How to deal effectively with conflict Understanding the psychology behind conflict will help you manage such situations to the benefit of your organisation.
Adam and Eve, humanity has struggled to deal with conflict. We typically either try to avoid it at all costs or tackle it incompetently and let it spiral out of control. Research shows that conflict is costing us dearly. A recent study, which polled 5 000 employees in Europe and the Americas and 660 HR practitioners in the UK, found that the average employee spends 2.1 hours a week dealing with conflict. In the UK alone, “workplace disagreement that disrupts the flow of work” translates to 370m working days lost every year.
So if we cannot avoid conflict, how can we become more competent at dealing with conflict and save our organisations millions?
Distinguish between healthy and unhealthy conflict
Conflict is often thought of as something that is negative per se – something to be avoided like an intrusive virus. But is it?
It is through exploring conflicting views of reality, through challenging set opinions and engaging in robust debate that civilisations progress, societies grow, innovation flourishes and organisations prosper. Yet, conflict that spins out of control has cost civilisation dearly, in lives and money.
When building conflict-competent relationships and teams, to use a term coined by Craig Runde and Tim Flanagan, authors of Becoming a Conflict Competent Leader, one should distinguish between task conflict (constructive) and personal conflict (destructive).
Task conflict is essentially when we disagree about something outside ourselves. This is absolutely needed and is associated with a process of healthy, robust debate that allows the exploring of options, such as a strategy, a process, a way of doing something.
Allowing ourselves to be challenged by others’ opinions, views and approaches is an essential element of creativity and innovation, and counters the brain’s natural drive towards pattern making (where we figure it out, then stop consciously thinking about it and shift it to the habit or limbic brain).
Conflict goes wrong when it shifts from being task-focused to being person-focused. Evidence of this is when we start blaming others and attributing undesirable characteristics to the person with whom we are having the task conflict. “You don’t listen”, “You always …”, “Can’t you understand/think…” are often indications that we have shifted towards unhealthy personal conflict, and this is where things often get counterproductive and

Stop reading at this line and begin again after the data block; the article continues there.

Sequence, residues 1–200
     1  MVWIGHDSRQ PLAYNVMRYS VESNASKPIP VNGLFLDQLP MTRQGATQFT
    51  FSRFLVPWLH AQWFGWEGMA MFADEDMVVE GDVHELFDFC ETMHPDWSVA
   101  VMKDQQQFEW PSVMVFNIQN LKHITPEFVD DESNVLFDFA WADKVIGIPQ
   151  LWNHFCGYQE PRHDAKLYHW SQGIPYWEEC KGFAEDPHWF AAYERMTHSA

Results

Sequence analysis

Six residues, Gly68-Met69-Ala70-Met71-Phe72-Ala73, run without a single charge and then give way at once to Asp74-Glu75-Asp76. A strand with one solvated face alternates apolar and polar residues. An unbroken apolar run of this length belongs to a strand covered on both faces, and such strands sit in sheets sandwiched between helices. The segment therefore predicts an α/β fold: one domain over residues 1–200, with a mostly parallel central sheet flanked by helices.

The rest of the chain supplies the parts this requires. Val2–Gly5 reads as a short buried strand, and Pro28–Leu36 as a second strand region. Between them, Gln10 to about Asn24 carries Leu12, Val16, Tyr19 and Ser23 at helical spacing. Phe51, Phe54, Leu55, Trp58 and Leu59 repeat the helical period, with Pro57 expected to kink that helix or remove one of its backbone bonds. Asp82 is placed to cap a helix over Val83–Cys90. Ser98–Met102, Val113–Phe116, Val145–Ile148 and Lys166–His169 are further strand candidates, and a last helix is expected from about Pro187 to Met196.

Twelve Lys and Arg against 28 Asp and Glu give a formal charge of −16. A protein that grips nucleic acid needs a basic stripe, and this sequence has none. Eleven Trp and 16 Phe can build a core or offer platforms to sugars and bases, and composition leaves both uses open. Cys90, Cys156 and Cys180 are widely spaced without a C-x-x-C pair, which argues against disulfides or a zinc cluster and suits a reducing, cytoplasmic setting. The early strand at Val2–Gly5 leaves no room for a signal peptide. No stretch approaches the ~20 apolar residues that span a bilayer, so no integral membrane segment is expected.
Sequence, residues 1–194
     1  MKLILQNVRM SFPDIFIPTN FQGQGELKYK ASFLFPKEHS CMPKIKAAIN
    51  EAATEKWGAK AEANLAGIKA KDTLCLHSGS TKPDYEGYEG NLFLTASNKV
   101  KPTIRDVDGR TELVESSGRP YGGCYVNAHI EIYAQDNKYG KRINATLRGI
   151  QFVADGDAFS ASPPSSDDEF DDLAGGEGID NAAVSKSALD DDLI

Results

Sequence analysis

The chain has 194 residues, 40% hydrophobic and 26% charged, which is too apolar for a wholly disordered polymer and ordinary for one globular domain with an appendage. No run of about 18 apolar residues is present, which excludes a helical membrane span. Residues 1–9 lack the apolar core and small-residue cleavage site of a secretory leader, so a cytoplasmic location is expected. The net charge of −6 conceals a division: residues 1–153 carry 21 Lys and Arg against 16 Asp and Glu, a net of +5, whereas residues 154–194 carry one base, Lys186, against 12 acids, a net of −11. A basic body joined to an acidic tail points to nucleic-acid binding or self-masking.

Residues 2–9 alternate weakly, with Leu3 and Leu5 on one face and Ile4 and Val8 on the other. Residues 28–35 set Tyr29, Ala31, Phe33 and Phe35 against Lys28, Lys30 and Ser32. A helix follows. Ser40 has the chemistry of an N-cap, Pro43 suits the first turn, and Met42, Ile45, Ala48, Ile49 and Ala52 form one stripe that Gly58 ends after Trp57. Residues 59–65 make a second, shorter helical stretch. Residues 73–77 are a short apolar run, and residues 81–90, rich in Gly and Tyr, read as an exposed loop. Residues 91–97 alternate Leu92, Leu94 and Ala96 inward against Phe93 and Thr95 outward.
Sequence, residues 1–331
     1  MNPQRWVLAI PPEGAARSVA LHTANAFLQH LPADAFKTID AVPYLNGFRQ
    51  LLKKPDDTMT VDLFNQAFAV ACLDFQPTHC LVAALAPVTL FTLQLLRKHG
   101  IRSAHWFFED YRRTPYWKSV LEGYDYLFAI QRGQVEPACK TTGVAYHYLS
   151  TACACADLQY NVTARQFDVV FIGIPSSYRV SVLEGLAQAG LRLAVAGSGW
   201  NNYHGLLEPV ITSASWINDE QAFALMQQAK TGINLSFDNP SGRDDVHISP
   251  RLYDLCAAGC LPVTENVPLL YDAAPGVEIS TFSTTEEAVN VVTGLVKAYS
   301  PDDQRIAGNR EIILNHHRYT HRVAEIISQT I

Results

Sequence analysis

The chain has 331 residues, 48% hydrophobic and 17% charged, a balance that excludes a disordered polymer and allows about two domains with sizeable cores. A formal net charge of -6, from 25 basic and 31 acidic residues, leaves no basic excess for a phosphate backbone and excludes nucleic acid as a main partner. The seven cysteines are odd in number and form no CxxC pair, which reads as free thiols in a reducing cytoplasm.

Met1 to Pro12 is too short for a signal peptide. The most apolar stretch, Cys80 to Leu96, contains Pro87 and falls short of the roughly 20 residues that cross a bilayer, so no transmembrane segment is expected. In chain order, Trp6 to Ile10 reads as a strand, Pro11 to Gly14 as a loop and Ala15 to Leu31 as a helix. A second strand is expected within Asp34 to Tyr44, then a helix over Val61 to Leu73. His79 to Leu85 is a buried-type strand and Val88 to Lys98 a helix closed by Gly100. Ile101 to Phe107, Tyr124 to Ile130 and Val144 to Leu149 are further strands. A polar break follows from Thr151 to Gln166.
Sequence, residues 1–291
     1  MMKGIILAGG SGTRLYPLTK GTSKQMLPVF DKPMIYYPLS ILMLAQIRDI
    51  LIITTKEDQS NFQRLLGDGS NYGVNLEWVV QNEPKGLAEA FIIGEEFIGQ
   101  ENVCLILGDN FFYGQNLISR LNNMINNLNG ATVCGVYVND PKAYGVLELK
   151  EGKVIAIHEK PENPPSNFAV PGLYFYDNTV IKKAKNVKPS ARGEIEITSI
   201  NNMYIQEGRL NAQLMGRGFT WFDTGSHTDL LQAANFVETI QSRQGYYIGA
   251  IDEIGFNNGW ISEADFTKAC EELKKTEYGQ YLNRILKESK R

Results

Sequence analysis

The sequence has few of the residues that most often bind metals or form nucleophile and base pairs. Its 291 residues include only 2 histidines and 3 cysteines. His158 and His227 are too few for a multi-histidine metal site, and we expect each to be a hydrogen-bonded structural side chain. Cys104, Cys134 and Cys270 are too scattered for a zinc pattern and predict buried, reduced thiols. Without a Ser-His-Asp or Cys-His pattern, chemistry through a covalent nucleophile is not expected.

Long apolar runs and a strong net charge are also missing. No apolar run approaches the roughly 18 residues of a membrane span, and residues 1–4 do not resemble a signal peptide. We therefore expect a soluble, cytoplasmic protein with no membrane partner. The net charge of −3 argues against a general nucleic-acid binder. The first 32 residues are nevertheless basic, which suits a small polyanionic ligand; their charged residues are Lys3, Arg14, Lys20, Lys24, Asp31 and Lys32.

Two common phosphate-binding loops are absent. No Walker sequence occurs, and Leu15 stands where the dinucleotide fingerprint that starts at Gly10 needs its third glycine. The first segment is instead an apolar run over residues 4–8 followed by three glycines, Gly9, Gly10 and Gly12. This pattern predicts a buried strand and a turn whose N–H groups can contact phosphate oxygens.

Know your hardwired conflict approach
Irrespective of the level of leadership development work I do (personal, team, strategic etc.), my experience has been that a deep level of understanding of the blueprint of our own personality DNA, more commonly called self-awareness, is one of the critical keys to progress and success. An important component of such self-awareness is understanding our personality’s hardwired response in conflict.
A great tool that helps individuals and teams to build self-awareness in conflict was developed by the psychologist Elias H. Porter. Porter found that conflict typically has three phases.
In Phase 1 conflict still has the potential to be productive and positive as we remain able to entertain the issue on which we disagree, our own interest and the interest of the other. This is the territory of robust and constructive debate.
However, in Phase 2 we stop considering the interest and views of the other party and we lose some objectivity; and in Phase 3 we drop the issue under contention and argue only for our own interest or point of view – in this phase the conflict is likely to get out of control and risks becoming personal.
A critical element of building conflict competence is to learn to catch conflict before it goes beyond Phase 1. To achieve this, we need to understand our own approach to the first phase of conflict, and identify and respect others’ first phases of conflict.
Every individual deals with these three phases in a predictable manner by following one of three approaches in different sequences. Porter outlines these approaches as follows (see opposite table): considering ways of accommodating the other (blue); debating or engaging more forcefully (red); reflecting and gathering more information (green). The sequence with which we go through these strategies differs from person to person. For example, in the
Danie Eksteen Faculty member at USB Executive Development